Powerball's $50 million prize failed to find a winner on Thursday night. Now the game has reached its highest ever jackpot with $70 million up for grabs, and punters are rushing to buy tickets.
Bankstown Plaza newsagent Phillip Nguyen said he had been overwhelmed with customers seeking tickets in the record draw.
"Yesterday was a shocker. We usually close at 6pm but ended staying open until 7pm, the machine was running non-stop," he said.
If there is a single winner next Thursday, the $70 million prize would be the largest single-lottery ticket prize in Australian history.
Last year, a group of friends shared $70 million, an Australian record, which they won after using spare change left over from lunch to pick up an Oz Lotto ticket.
Mr Nguyen said customers were already talking about what they were going to do with the money.
"The first thing on their mind is that they are going to quit their job tomorrow," he said.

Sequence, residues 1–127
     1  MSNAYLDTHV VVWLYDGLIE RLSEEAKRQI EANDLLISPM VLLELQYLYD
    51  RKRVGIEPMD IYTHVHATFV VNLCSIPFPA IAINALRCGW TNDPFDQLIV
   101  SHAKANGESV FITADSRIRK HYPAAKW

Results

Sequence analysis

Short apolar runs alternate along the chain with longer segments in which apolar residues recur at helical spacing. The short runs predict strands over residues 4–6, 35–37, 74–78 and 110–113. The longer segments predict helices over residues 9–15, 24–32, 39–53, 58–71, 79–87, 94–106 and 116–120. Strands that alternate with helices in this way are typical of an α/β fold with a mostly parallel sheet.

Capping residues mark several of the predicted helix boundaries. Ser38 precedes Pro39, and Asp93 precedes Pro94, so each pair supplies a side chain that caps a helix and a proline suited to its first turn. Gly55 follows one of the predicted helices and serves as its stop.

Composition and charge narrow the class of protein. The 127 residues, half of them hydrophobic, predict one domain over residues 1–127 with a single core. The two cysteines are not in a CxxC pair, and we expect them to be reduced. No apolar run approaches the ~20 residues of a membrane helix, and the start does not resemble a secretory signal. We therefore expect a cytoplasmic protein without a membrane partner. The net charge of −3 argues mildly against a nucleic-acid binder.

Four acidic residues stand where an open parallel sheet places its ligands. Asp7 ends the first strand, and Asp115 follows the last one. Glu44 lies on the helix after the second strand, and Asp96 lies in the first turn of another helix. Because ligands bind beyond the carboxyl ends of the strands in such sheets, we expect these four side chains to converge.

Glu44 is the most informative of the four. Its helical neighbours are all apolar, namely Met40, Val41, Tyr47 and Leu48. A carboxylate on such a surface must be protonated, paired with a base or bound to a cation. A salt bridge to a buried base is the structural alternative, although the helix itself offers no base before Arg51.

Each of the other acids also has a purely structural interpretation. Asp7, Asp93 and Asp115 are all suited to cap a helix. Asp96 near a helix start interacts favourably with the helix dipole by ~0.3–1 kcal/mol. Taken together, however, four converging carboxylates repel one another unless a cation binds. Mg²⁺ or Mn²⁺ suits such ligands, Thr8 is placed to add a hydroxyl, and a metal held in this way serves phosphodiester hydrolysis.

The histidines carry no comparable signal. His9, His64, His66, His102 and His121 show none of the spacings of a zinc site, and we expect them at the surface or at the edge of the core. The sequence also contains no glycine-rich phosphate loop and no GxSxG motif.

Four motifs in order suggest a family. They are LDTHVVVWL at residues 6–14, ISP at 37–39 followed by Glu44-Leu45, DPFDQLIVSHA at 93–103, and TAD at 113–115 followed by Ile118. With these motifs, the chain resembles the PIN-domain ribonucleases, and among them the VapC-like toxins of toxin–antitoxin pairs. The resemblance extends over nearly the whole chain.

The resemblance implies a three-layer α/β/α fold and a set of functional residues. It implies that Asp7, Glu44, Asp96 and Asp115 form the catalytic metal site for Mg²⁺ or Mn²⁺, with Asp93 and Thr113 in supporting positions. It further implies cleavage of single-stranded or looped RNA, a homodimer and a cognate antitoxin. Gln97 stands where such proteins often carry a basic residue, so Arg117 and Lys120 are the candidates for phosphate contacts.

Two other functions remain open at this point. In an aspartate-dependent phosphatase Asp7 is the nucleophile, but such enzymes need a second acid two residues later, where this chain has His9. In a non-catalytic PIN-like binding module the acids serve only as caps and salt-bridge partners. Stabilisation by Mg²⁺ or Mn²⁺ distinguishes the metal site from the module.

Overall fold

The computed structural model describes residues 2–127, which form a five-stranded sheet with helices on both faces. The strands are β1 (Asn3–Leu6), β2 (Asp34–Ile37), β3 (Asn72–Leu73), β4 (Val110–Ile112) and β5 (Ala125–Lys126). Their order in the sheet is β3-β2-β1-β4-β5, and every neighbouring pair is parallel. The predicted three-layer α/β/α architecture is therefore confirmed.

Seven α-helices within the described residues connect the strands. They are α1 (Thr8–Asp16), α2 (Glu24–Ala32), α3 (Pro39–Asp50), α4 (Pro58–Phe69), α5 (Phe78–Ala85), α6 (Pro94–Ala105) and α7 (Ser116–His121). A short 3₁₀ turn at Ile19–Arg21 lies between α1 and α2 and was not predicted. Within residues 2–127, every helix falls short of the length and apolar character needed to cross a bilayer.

The odds of winning the $70 million jackpot are 76,767,600 to 1.
The long odds have not deterred punters who would not usually buy a Powerball ticket, Tatts Lottery spokeswoman Elissa Lewis said.
Mr Nguyen had also noticed a surge in customers who had never bought tickets at his newsagency before.
Across town, the owner of a Broadway newsagency, Joe Izzo, advised those wishing to avoid queues to get in early.
"Starting from next Tuesday it's really going to bump up," he said. "Come Thursday, forget about it."
Oz Lotto statistics reveal that, in the main draw, numbers 29, 4 and 34 have been the most frequently drawn since July 2007.
In the Powerball draw, 15, 4, 7 and 12 have been drawn mostoften.
Though $70 million is a handsome prize, US lottery records dwarf their Australian counterparts.
In May 2013, a US grandmother, Gloria McKenzie, won the largest single Powerball in history with a ticket worth $US590 million ($633 million)
Mrs McKenzie seemed destined to win. Even the purchase of the ticket came through a stroke of luck. Another lottery player let her go ahead in the queue, and she bought the winner.
She has since donated $US2 million to her local school and kept a very low profile.